Re: Callouses and Kings

Date: Fri Aug 17 2001 - 00:31:44 BST

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    Subject: Re: Callouses and Kings
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    On 16 Aug 2001, at 16:10, Dace wrote:

    > From: <>
    > > > MR offers a model of evolution that gives organisms an active role
    > > > in shaping themselves. We know, for instance, that camels begin
    > > > developing calluses on their kneepads when they're still in the
    > > > womb. This would suggest that camels who developed calluses as a
    > > > result of kneeling in the desert passed this trait onto their
    > > > offspring. Since behavior can't directly affect genes, the
    > > > logical assumption is that the calluses are passed on
    > > > non-genetically. Otherwise we must accept the colossal
    > > > improbability that the genetic mutation for calluses on the
    > > > kneepads just happened to appear right when the camels needed it.
    > > > You'd think they'd have to have gone through a lot of useless
    > > > mutations first, like calluses in other places, or the wrong
    > > > alterations on kneepads before they'd hit on the right mutation.
    > > > How many millions of years should it have taken for them to get
    > > > the right mutation? Now consider the fact that this applies many
    > > > times over for every species on earth, and you start to see just
    > > > how high that mountain of improbability is. Sheldrake offers a
    > > > more streamlined, elegant model of evolution.
    > >
    > > Callouses would not evolve all of a piece, but gradually;
    > I can almost believe that with calluses, but the gradual emergence of
    > complex structures like eyes is highly problematic. Most of what goes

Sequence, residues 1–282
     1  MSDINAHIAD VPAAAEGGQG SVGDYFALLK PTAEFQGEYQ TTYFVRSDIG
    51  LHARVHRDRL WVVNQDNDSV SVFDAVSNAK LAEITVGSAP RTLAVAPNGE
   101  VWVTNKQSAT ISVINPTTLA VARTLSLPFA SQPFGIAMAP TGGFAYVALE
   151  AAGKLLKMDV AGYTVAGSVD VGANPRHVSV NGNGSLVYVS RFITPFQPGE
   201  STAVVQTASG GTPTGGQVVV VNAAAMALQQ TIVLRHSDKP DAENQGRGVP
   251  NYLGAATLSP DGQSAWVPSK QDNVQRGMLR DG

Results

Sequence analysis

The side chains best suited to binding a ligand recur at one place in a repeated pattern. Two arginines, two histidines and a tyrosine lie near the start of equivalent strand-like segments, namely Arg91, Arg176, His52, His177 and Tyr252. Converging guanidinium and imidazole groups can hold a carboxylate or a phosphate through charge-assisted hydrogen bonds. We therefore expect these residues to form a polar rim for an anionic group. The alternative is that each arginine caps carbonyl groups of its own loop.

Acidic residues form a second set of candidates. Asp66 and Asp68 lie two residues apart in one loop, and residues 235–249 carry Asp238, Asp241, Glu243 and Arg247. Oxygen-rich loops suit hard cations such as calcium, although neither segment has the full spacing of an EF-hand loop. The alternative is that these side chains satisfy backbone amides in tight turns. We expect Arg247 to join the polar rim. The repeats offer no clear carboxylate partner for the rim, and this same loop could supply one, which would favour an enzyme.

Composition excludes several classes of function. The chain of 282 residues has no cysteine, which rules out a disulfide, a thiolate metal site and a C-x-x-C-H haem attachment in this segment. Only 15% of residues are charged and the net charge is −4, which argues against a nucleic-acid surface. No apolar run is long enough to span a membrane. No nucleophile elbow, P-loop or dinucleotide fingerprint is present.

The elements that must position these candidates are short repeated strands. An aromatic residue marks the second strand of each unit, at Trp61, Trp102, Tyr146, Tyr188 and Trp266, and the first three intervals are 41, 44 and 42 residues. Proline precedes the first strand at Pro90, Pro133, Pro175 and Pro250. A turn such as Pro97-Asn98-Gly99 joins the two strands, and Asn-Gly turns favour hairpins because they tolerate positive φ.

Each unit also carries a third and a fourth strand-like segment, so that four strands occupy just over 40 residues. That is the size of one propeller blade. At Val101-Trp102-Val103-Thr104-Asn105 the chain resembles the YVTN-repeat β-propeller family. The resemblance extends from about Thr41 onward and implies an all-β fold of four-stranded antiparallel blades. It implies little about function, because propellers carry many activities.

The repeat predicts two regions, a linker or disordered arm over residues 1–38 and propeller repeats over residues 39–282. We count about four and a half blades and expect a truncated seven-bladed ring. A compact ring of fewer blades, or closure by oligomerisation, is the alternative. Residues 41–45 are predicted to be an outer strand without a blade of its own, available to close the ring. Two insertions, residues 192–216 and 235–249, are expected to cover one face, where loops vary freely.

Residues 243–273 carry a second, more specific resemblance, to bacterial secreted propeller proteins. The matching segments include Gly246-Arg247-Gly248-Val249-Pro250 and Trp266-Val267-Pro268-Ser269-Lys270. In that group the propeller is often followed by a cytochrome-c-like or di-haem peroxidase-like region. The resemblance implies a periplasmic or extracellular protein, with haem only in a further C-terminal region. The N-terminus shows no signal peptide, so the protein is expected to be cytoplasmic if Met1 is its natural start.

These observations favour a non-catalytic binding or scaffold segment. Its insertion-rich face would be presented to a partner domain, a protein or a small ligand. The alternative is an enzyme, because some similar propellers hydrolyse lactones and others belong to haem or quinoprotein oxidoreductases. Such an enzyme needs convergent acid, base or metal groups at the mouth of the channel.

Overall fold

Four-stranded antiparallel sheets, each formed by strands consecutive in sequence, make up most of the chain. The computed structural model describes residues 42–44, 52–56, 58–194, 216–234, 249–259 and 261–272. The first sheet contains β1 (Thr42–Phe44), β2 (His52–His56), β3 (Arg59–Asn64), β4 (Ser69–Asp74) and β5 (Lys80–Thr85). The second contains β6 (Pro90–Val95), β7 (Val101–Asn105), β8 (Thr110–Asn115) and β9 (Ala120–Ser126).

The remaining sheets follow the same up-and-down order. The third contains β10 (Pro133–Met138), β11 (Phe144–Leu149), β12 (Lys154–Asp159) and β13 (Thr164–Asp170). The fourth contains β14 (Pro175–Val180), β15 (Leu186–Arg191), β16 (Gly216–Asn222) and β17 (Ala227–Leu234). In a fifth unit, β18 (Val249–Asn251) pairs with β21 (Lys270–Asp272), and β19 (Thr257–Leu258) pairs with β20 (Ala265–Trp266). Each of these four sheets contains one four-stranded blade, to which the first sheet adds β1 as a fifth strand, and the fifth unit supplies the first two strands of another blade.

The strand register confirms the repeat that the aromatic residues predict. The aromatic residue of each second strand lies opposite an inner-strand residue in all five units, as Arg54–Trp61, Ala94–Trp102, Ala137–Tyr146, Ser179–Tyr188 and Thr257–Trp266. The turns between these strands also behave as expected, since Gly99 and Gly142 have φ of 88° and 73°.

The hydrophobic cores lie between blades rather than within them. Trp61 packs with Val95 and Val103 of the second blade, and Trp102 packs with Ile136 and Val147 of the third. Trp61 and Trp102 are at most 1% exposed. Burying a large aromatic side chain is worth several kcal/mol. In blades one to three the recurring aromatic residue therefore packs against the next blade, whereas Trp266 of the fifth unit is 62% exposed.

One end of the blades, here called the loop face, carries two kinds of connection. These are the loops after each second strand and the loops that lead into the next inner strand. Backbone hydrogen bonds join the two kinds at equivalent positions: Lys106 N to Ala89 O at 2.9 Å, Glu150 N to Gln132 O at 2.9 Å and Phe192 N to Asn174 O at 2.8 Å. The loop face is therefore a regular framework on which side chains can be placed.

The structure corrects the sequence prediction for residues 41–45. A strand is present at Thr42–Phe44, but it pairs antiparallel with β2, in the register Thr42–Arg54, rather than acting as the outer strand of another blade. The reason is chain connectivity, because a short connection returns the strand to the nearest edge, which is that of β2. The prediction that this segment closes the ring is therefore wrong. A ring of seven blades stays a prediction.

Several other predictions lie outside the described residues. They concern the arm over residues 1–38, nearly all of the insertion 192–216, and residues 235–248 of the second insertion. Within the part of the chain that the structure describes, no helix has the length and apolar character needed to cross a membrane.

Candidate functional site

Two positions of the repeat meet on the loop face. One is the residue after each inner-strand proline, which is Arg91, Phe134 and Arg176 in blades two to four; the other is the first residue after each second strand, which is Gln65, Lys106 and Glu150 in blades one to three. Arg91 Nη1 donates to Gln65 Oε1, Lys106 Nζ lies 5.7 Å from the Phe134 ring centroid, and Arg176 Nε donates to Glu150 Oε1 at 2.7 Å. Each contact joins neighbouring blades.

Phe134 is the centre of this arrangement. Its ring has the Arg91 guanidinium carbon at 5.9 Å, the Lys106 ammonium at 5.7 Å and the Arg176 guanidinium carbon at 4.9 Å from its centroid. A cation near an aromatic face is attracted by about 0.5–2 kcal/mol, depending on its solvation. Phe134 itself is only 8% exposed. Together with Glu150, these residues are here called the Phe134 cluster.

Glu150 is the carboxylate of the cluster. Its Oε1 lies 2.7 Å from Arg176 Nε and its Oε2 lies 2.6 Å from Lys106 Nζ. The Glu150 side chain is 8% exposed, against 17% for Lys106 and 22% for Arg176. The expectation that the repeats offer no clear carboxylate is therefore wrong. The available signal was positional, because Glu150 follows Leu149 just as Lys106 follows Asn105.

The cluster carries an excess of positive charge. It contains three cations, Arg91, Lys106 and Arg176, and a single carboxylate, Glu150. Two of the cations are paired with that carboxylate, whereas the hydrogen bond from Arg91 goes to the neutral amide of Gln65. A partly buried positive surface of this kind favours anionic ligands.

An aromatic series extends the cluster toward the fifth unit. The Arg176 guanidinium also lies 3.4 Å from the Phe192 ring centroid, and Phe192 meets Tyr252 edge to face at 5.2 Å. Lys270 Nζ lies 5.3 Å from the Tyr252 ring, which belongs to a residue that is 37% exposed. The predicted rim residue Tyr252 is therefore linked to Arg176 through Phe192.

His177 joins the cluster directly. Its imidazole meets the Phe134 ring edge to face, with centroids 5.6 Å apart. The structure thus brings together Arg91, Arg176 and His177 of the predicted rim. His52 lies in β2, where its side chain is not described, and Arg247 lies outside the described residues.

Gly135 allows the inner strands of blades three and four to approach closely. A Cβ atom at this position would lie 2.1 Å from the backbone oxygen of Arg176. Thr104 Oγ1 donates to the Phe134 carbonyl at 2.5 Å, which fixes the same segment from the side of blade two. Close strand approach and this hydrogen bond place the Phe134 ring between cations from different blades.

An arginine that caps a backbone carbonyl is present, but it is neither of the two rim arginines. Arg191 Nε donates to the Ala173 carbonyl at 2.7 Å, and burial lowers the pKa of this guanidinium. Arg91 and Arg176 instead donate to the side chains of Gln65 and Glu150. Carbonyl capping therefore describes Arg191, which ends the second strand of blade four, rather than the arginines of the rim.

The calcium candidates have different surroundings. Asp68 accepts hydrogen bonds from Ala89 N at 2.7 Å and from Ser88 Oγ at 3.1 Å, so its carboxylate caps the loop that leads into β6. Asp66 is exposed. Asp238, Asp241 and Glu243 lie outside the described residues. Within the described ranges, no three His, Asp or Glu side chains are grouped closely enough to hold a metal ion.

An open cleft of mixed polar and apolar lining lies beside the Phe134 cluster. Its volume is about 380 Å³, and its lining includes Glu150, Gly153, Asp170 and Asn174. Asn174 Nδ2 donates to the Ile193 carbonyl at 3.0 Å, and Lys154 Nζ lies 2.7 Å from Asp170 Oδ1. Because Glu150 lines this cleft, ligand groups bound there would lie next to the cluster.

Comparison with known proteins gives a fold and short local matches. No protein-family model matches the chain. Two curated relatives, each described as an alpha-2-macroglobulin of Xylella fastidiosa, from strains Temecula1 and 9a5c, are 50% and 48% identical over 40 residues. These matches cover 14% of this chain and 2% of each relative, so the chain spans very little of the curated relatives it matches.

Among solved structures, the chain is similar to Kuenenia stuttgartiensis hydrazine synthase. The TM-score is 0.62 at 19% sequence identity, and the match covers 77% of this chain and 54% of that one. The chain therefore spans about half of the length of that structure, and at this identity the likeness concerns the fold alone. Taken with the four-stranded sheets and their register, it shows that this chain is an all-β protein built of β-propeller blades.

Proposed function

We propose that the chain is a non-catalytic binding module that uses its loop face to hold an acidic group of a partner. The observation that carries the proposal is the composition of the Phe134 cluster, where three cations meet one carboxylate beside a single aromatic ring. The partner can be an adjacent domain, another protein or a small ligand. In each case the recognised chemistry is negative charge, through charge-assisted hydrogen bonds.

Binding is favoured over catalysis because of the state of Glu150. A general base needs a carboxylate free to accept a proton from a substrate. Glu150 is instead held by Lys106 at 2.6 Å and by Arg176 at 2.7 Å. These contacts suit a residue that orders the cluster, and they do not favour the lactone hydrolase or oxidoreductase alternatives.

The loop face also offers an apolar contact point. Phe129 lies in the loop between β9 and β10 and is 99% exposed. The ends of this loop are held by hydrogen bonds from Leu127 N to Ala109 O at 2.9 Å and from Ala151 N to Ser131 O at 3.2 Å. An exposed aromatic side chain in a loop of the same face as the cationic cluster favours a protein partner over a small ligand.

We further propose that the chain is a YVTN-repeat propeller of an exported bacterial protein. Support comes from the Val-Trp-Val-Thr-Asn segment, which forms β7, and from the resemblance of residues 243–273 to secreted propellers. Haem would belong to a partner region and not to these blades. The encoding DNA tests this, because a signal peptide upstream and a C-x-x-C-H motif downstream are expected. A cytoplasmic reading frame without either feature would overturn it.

> into an eye has no use unless the whole structure is present.
    Not true; photosensitive patches, which do not register shapes, are
    present in some microorganisms. Lenses could definitely evolve
    gradually later, first as rough directional sensors, then more and
    more fine-grained to illustrate configuration, then of course stereo
    vision, which allows for depth perception, was most likely a lucky
    thing in that multiple eyes most likely were selected for for the
    same benefits found in many multiple systems; redundancy/ back
    > > but what
    > > you're REALLY missing here is dermatological understanding.
    > > Animals (including us) can develop callouses anywhere there is
    > > chafing on the skin; it's built into the dermis; the only
    > > modification needed is one that permits such growth in the absence
    > > of stimulation, and that mutation could happen anywhere, and only
    > > stick where it was useful and selected for.
    > You're simply restating the problem. If the mutation is random and
    > could affect any part of the skin, why does it affect precisely the
    > area where it's needed? And why not another mutation in that spot
    > instead?
    I'm reasonably sure other mutations have happened within other
    species, such as scales or chitinous shells, to handle similar
    problems. I'm also sure that mutations happened to allow for
    callous growth in other areas, but as they possessed no survival
    value for the organism, they were not selected for.
    > > There was a hundred
    > > million years for camels and their precursors to produce such a
    > > mutation - no problem.
    > Mammalian evolution developed from primitive lemur-like stock very
    > rapidly after the fall of the dinosaurs. Within a few million years
    > all the basic forms were in place, from bats to whales.
    Actually, um, no. Many mammals in their present configuration
    are of more recent vintage, even though their precursors were not.
    Bats and whales there may have been, but were they like the ones
    around today? No. It might be instructive for you to peruse the
    evolution of the eohippus into present-day horses (the Morgan
    horse, for instance, developed out of a single dominant-trait mutant
    within the last two hundred years) in order to realize that evolution
    is a continuously ongoing process rather than something that
    happens once a species and is then done.
    > > Elegant explanations are not always
    > > correct; otherwise we would embrace the elegant yet Occam-
    > > violating explanation of a Master Designer intentionally sticking
    > > those clumsy thumbs on pandas.
    > To reject the Blind Designer is not necessarily to accept the Master
    > Designer. I reject all concepts of an independent design, whether
    > theological or chromosomal.
    Chromosomes are not independent of the life forms in which they
    are found, but part of them, and found in every cell of every existent
    plant and animal.
    > Ted Dace

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